by Carol Higgins Taylor
Eastern Area Agency on Aging
Snowflakes were swirling outside my window this morning. Bright glossy department store flyers promising super savings fell out of my weekend paper in a colorful cascade reminding all readers that indeed the holiday shopping clock is ticking loudly.
While some people begin their holiday wish lists early in the event a loved one inquires about their Christmas desires, others are more mysterious, giving few clues to their idea of the perfect, coveted gift. And frankly, men can be the worst at coming forward. Men also can be the worst offenders when it comes to taking care of themselves and visiting their healthcare providers regularly.
Well, listen-up ladies, I have great news. A new book just hit the shelves that can solve both problems. Edward Thompson Jr., a professor of sociology at the College of the Holy Cross in Massachusetts, and our own Dr. Len Kaye, professor of social work and director of the University of Maine Center on Aging have co-authored, “A Man’s Guide to Healthy Aging.”
This book is the perfect gift for the man who seemingly has everything except maybe a handle on his own health. While written by professors, it is nonetheless very easy to read and quite comprehensive. So what makes this book so special?
“I was browsing a bookstore looking for books on men’s health care and realized there really weren’t any available,” said Kaye. “There were many books on women’s health but information for men was virtually nonexistent. So my colleague and I began extensive research over a four-year period and the result is ‘A Man’s Guide to Healthy Aging.’ The goal is for men to stay smart, strong and active.”
This is true enough. Women have had years of support from the “Our Bodies, Ourselves” series by Boston Women’s Health Book Collective and Judy Norsigian. Now men have the same type of health reference volume that can be privately perused should they seek information. This book is in no way a substitute for doctors’ visits but it can provide pertinent material of a general nature.
The book is handily laid out in three sections. Part one, titled “Managing Our Lives,” covers staying active, eating well, men’s stress and relationships, among other things. The psychology of healthy aging is discussed in a chapter written with Dr. Clifford Singer. The authors write, “A man’s ego can be very reliant on projecting an image of strength and independence. Health issues of greatest concern to men include ailments that risk compromising independence and quality of life.” Sound familiar?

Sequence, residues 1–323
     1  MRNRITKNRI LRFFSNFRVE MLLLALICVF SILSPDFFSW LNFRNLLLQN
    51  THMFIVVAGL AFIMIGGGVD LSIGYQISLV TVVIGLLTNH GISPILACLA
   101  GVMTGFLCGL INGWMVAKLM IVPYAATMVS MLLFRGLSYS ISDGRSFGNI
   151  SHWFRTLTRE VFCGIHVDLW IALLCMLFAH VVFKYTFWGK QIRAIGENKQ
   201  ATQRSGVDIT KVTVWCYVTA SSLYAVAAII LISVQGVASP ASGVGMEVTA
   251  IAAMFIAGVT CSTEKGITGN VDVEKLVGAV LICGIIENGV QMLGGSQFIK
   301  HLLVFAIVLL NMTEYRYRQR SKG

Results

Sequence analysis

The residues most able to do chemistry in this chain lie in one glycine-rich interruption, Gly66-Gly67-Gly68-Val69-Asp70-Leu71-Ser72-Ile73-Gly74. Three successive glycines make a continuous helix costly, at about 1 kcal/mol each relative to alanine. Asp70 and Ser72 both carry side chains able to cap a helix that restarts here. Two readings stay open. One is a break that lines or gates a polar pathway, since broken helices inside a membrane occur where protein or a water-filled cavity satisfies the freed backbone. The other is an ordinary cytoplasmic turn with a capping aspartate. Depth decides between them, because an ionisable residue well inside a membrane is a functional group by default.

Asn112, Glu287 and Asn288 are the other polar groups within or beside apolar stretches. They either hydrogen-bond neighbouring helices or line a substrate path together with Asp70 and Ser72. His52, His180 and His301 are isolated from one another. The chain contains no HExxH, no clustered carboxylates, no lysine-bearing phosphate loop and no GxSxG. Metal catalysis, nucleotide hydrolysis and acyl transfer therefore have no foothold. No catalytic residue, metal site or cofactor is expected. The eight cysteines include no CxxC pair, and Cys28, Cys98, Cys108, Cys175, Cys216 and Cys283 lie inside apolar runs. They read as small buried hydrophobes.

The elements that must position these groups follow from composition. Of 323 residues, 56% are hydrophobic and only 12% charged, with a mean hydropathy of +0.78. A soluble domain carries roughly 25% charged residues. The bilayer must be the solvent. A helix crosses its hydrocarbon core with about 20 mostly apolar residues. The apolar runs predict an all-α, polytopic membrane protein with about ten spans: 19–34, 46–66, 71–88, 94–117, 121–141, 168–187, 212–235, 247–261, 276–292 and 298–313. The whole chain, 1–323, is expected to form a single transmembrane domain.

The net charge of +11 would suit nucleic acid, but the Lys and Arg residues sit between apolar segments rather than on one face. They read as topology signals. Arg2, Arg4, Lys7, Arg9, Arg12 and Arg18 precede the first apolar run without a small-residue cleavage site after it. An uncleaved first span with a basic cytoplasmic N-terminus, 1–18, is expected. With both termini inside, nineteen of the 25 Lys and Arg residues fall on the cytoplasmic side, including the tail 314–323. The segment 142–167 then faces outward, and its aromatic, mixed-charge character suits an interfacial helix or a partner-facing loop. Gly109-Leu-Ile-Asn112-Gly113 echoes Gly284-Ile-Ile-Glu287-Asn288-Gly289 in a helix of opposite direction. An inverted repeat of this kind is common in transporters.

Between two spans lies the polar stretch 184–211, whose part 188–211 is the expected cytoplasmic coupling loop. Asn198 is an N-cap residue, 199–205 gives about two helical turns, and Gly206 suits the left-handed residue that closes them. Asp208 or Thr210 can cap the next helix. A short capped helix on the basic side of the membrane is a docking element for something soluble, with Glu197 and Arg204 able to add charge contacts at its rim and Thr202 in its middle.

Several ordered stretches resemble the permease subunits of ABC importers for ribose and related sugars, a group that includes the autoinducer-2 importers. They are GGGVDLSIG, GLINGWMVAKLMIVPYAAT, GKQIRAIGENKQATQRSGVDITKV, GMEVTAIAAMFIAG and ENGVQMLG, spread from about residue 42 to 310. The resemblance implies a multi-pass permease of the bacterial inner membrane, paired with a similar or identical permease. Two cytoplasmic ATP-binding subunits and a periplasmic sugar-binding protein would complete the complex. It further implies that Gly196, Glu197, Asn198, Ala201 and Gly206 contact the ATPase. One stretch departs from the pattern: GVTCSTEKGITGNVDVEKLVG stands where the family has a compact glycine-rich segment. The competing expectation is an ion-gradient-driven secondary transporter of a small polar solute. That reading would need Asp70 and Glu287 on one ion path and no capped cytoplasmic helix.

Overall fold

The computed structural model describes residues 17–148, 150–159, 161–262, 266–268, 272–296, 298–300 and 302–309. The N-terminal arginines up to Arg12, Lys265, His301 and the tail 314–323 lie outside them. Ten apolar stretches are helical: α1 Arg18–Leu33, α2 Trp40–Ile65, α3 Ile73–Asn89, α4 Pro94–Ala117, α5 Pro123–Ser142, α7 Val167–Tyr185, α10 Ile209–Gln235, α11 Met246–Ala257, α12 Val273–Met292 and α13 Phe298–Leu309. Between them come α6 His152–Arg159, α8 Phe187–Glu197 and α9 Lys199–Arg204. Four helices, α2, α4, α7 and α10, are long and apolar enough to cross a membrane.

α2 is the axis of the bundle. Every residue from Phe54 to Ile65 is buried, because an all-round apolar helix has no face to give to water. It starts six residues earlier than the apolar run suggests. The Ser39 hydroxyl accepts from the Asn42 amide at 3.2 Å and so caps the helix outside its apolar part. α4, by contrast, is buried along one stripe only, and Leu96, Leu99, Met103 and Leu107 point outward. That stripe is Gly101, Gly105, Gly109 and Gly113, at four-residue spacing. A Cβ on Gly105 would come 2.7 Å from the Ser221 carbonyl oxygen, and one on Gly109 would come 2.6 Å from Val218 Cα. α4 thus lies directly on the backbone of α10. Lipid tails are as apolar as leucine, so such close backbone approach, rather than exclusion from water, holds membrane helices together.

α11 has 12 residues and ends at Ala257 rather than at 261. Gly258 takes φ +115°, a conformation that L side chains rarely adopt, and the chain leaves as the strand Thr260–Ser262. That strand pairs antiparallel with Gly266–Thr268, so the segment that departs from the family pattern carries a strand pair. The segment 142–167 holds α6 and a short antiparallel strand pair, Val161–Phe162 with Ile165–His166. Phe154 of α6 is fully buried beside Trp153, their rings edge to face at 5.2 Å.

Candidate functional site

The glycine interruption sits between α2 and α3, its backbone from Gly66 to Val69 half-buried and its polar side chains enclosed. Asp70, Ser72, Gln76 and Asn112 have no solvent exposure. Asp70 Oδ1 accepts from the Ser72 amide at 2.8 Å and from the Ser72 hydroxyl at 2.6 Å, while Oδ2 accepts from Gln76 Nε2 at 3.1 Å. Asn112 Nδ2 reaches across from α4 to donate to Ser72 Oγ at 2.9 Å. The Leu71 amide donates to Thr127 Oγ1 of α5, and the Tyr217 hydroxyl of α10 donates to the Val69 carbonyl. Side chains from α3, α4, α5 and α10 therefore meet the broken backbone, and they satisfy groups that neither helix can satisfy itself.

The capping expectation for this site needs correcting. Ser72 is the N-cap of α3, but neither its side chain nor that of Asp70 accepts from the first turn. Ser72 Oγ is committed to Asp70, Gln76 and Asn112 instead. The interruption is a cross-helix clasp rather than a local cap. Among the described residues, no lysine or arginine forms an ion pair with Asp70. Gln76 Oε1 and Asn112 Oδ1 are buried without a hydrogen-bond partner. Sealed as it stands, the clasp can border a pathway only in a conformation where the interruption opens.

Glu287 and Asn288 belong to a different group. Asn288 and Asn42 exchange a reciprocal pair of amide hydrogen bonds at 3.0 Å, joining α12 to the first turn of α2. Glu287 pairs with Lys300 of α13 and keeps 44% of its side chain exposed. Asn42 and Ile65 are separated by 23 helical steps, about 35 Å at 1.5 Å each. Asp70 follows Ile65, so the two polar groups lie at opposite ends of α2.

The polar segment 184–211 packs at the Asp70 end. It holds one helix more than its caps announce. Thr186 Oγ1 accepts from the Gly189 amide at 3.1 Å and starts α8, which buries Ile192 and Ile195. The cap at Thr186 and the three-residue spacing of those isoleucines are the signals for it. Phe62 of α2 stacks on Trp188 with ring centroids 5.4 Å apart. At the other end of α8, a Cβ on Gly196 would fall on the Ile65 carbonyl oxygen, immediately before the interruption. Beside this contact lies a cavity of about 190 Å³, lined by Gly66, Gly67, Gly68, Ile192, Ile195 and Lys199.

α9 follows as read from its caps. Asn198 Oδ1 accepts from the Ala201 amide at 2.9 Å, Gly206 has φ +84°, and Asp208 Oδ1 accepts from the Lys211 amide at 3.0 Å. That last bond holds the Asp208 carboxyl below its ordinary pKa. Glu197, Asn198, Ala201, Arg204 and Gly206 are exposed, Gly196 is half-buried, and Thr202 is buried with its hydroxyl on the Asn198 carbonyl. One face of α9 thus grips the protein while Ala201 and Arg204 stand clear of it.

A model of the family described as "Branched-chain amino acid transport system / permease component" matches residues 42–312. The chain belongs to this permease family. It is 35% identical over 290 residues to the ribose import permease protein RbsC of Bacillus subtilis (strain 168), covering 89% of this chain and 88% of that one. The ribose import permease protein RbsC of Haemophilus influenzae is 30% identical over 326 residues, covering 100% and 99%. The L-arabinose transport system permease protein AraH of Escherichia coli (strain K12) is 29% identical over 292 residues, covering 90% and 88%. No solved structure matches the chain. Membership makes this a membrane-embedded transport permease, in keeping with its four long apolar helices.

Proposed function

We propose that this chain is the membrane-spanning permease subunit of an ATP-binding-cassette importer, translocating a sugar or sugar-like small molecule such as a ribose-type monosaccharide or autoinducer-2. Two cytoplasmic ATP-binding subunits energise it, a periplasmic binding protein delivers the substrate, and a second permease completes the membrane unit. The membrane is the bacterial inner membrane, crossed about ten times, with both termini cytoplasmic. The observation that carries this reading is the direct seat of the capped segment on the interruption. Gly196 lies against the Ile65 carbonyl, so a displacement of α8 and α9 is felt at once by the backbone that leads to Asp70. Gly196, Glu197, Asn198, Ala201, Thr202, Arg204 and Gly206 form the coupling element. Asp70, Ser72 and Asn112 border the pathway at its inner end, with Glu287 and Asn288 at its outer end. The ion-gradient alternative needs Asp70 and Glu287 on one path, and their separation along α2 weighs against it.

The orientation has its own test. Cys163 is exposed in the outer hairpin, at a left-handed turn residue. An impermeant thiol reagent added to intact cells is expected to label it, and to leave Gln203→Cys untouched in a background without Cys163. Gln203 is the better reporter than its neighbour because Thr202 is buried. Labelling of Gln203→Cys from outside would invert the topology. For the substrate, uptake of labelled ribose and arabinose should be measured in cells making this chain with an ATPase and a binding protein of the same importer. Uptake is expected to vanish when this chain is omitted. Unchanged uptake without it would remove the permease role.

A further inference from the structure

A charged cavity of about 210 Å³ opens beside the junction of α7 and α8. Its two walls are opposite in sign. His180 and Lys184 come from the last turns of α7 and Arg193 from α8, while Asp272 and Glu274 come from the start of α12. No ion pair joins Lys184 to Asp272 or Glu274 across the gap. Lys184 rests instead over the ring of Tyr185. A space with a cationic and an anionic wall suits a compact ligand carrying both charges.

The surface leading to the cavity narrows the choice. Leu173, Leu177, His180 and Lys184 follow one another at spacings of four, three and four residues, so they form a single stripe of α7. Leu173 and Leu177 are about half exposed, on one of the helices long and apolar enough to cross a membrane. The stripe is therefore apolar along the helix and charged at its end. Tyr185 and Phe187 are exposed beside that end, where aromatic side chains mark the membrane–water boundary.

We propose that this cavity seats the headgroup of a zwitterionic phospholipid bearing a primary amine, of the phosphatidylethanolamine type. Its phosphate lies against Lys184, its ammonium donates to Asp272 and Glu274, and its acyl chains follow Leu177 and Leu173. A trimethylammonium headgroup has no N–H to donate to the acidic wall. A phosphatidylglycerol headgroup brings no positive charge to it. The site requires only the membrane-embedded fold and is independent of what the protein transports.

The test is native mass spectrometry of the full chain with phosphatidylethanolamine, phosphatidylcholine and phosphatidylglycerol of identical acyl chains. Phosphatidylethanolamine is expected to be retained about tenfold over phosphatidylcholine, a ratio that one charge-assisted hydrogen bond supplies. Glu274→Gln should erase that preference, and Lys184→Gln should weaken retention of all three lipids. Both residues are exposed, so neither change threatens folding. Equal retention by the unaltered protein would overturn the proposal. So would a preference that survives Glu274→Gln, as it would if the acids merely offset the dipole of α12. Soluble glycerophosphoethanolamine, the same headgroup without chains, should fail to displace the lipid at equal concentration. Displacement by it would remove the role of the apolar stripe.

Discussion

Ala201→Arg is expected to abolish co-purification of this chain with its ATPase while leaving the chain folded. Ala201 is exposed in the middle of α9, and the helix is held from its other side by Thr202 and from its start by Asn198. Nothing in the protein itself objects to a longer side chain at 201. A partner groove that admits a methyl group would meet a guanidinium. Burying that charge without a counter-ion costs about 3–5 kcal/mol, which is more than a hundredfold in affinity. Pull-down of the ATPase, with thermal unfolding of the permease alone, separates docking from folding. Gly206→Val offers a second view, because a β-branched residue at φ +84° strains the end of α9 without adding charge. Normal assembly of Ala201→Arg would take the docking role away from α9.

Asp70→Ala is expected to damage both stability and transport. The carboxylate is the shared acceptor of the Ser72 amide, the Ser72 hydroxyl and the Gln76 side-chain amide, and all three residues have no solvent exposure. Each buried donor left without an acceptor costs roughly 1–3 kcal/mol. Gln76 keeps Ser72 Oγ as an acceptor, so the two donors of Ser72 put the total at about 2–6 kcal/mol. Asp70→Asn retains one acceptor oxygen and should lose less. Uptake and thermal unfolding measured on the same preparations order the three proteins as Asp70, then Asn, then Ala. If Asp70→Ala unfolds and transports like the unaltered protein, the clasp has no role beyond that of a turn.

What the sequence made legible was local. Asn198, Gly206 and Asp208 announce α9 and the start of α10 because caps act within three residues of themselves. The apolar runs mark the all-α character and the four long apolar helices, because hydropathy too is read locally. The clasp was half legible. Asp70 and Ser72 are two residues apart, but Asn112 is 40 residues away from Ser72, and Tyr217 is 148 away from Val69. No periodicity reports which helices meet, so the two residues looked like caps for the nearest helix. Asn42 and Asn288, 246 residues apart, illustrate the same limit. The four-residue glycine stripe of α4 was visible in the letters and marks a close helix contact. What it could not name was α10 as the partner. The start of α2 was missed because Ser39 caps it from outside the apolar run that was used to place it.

Part two covers “Mind and Body.” Here the necessity of sleep, a man’s appearance ranging from baldness to bunions, spirituality, alcohol use and its effects in an aging body, and holistic medicine.
And finally, part three gets into the nitty-gritty of a man’s health. Just a few of the offerings are: hearth health, memory loss, diabetes, sexual health, bones and joints, dental, vision and hearing, cancer, caregiving which is becoming a growing trend among men, and retirement — what do you do now?
The 23 chapters in in the book are designed to be read together or separately. “A Man’s Guide to Healthy Aging” is available at BAM bookstore across from Bangor Mall and at amazon.com. It’s a worthwhile investment in your male loved ones’ health and life. Husbands, sons and anyone else you love will be sure to benefit from the wisdom between these pages.
Carol Higgins Taylor is the director of communications for Eastern Area Agency on Aging. For more information, call 941-2865, 800-432-7812 or go to eaaa.org